SOUTH Africa and Botswana deported a combined 25,300 Zimbabweans between January 1 and April 30 this year, official figures released on Wednesday showed.
During the same period last year, 17,023 deportees were recorded from both countries. South Africa accounted for 13,600 removals.
Matabeleland South police said 23,150 people, mainly illegal immigrants, were deported from South Africa through the Beitbridge Border Post, while 2,151 arrived from western neighbour Botswana through Plumtree Border Post.
“On average, about 100 people are deported from Botswana while between 200 and 300 are deported from South Africa every day,” Matabeleland South police spokesperson Assistant Inspector Christopher Ngwenya said.
Those deported would have either breached immigration laws such as overstaying resulting in the cancellation of their permits or crossing borders without valid travel documents.
Zimbabwe’s economy is improving after a decade-long slump, but millions of emigrants now living in neighbouring countries, mainly South Africa, remain reluctant to return home with lack of jobs still a major push factor.
On arrival, deportees are taken to International Organisation for Migration (IOM) Reception and Support Centres at Beitbridge and Plumtree where they are given food and temporary shelter before being offered transport assistance to their homes.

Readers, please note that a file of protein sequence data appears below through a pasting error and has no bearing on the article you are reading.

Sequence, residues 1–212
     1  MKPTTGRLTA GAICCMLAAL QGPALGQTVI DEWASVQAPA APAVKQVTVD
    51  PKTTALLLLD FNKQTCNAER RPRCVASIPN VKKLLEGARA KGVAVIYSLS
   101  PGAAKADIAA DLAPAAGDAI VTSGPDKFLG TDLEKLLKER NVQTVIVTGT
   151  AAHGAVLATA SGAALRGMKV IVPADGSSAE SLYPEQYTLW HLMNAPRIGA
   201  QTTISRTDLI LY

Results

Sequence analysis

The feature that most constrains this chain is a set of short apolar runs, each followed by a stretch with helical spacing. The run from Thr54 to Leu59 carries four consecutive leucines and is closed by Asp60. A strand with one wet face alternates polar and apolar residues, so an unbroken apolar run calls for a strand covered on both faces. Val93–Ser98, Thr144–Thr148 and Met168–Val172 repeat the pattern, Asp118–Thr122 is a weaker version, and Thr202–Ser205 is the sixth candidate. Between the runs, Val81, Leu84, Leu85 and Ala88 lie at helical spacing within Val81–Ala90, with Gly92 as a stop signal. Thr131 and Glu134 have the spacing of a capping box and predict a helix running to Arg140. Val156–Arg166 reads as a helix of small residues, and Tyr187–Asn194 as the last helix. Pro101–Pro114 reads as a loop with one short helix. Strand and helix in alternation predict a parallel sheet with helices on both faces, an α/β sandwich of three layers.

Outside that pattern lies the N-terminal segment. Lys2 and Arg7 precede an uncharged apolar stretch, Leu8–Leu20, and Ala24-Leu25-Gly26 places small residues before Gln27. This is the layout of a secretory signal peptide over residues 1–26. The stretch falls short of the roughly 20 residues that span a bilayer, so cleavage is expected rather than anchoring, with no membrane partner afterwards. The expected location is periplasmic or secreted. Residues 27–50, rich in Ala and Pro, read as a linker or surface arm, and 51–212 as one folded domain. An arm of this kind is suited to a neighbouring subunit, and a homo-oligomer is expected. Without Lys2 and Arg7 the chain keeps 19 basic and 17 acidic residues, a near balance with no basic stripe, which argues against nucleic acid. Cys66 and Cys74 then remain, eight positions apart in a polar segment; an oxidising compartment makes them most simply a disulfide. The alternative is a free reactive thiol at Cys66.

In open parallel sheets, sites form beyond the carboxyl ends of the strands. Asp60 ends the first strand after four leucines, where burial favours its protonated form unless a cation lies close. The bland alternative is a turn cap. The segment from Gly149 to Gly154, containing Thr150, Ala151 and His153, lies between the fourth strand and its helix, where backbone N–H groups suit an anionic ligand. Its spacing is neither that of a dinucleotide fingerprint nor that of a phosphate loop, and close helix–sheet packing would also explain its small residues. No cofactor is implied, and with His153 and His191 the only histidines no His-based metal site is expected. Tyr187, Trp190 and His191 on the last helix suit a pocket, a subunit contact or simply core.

At the centres, deportees are also given advice on safe migration, human and drug trafficking as well as information about HIV and Aids.
Between May 2009 and the end of 2011, South Africa suspended the deportation of undocumented Zimbabweans and gave them an opportunity to regularise their stay by applying for work, business and study permits.
Although some two million Zimbabweans are believed to live in that country, only 275, 762 applications were processed before the deportations resumed in 2012.
Speaking on Wednesday, Home Affairs Minister Kembo Mohadi said Zimbabwe would engage South Africa after elections later this year to conduct another documentation exercise for Zimbabweans.
He said Zimbabwe remained concerned about the unending wave of illegal migration which had security implications for countries in the region.